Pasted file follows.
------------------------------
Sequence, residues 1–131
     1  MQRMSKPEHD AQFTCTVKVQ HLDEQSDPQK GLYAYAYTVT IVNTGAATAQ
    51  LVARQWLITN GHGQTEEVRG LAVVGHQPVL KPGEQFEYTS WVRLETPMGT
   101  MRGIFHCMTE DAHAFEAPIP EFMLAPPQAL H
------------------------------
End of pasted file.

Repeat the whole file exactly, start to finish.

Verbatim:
Sequence, residues 1–131
     1  MQRMSKPEHD AQFTCTVKVQ HLDEQSDPQK GLYAYAYTVT IVNTGAATAQ
    51  LVARQWLITN GHGQTEEVRG LAVVGHQPVL KPGEQFEYTS WVRLETPMGT
   101  MRGIFHCMTE DAHAFEAPIP EFMLAPPQAL H